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Comput Biol Med. 2015 Oct 1;65:177-83. doi: 10.1016/j.compbiomed.2015.05.008. Epub 2015 May 21.

Feasibility of a semi-automated method for cardiac conduction velocity analysis of high-resolution activation maps.

Author information

1
Department of Biomedical Engineering, Washington University, St Louis, USA.
2
L'Institut de RYthmologie et de Modélisation Cardiaque (LIRYC), Fondation Université Bordeaux, Bordeaux, France.
3
Heart Center, Departments of Experimental Cardiology, Cardiology, and Cardiothoracic Surgery, Academic Medical Center, University of Amsterdam, Amsterdam, Netherlands.
4
Department of Biomedical Engineering, George Washington University, Washington D.C., USA.
5
L'Institut de RYthmologie et de Modélisation Cardiaque (LIRYC), Fondation Université Bordeaux, Bordeaux, France; Centre de Recherche Cardio-Thoracique de Bordeaux Inserm U1045, Université de Bordeaux, Bordeaux, France.
6
Department of Biomedical Engineering, Washington University, St Louis, USA; L'Institut de RYthmologie et de Modélisation Cardiaque (LIRYC), Fondation Université Bordeaux, Bordeaux, France; Department of Biomedical Engineering, George Washington University, Washington D.C., USA.
7
Department of Biomedical Engineering, George Washington University, Washington D.C., USA. Electronic address: bjboukens@gwu.edu.
8
L'Institut de RYthmologie et de Modélisation Cardiaque (LIRYC), Fondation Université Bordeaux, Bordeaux, France; Heart Center, Departments of Experimental Cardiology, Cardiology, and Cardiothoracic Surgery, Academic Medical Center, University of Amsterdam, Amsterdam, Netherlands.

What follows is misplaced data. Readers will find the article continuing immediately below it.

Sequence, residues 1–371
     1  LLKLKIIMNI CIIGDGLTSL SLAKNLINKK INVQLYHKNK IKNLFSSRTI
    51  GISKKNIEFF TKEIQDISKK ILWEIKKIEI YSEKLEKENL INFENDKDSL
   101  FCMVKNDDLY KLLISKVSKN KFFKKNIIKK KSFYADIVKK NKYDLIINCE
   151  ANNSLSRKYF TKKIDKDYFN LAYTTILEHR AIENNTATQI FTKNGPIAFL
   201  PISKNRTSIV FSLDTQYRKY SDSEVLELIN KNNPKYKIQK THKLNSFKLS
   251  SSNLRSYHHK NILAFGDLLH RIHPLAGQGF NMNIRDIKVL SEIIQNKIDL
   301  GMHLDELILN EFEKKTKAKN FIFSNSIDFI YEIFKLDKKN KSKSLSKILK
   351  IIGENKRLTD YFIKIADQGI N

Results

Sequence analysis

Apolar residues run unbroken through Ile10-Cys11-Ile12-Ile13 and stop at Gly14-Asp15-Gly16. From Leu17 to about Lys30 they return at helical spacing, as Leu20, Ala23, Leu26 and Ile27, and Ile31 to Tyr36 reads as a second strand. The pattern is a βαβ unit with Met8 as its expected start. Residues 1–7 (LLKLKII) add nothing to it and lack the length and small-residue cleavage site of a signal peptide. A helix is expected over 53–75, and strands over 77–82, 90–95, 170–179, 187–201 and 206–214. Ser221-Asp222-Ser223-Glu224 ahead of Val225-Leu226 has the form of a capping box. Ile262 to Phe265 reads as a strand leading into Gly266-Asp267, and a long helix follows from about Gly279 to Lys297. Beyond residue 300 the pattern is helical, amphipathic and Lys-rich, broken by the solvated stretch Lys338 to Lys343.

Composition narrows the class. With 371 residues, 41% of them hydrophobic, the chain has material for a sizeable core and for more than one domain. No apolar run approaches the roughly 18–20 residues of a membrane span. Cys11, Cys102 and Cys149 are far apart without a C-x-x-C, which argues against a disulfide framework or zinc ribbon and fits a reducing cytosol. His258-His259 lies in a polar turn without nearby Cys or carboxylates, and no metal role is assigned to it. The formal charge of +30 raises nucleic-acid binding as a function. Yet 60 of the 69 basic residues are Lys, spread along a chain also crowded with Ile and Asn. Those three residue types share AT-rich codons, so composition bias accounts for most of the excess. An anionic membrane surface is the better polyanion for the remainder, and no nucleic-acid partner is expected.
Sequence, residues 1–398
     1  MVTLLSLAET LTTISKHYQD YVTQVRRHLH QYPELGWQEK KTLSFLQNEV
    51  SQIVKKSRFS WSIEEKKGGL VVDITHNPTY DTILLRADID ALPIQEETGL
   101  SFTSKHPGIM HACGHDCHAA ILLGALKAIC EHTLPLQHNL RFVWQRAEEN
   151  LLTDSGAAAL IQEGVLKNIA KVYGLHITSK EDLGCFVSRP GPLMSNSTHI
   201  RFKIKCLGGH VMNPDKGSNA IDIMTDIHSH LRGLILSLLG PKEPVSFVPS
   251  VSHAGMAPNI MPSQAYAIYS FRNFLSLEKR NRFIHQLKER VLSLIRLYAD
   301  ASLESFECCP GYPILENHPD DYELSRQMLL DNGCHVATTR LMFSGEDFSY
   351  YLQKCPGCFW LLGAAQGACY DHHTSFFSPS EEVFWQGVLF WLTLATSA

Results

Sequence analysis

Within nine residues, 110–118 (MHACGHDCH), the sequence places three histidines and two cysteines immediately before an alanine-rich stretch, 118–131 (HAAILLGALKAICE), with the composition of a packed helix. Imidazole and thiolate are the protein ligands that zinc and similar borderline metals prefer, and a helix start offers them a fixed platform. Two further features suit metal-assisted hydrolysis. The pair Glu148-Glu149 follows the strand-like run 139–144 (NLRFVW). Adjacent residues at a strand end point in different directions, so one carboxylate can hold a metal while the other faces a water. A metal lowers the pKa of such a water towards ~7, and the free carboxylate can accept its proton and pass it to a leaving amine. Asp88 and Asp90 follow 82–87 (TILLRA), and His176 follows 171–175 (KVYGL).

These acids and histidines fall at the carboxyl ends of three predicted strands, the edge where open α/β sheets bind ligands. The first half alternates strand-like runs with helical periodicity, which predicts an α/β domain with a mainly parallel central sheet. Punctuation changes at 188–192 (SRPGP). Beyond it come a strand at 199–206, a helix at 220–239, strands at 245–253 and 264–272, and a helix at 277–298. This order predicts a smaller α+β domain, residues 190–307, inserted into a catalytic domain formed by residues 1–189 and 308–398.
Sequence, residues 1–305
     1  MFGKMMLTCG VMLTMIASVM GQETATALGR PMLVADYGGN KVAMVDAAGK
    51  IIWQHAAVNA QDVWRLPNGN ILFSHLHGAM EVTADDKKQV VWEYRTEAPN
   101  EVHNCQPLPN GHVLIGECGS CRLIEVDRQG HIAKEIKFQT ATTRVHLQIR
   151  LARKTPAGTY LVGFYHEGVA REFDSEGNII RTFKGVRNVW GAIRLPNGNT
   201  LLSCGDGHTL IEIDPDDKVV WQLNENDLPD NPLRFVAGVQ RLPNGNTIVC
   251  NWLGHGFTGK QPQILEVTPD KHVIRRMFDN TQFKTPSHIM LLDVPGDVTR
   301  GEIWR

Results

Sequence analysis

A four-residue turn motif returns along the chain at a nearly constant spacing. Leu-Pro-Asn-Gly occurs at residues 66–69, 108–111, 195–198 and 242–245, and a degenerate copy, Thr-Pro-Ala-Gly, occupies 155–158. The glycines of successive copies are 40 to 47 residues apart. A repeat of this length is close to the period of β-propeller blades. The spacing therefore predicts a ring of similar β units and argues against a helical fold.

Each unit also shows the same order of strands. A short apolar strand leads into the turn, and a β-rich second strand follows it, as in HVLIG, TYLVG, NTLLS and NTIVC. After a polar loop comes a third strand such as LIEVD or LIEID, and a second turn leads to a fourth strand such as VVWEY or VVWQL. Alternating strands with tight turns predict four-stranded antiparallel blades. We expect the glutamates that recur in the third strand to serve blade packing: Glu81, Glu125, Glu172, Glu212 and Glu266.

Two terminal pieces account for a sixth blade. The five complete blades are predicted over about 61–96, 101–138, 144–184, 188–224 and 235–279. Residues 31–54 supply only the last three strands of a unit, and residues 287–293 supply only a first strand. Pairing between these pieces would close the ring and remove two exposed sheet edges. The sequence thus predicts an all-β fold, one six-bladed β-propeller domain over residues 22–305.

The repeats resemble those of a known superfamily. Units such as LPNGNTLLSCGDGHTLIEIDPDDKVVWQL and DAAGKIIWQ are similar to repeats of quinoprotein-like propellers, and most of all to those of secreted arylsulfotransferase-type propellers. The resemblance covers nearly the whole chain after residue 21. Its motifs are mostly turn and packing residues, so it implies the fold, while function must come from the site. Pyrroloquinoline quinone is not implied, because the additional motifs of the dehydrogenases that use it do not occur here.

Abstract

Myocardial conduction velocity is important for the genesis of arrhythmias. In the normal heart, conduction is primarily dependent on fiber direction (anisotropy) and may be discontinuous at sites with tissue heterogeneities (trabeculated or fibrotic tissue). We present a semi-automated method for the accurate measurement of conduction velocity based on high-resolution activation mapping following central stimulation. The method was applied to activation maps created from myocardium from man, sheep and mouse with anisotropic and discontinuous conduction. Advantages of the presented method over existing methods are discussed.

KEYWORDS:

Arrhythmia; Conduction velocity; Electrophysiology; Fibrosis; Optical mapping

[Indexed for MEDLINE]

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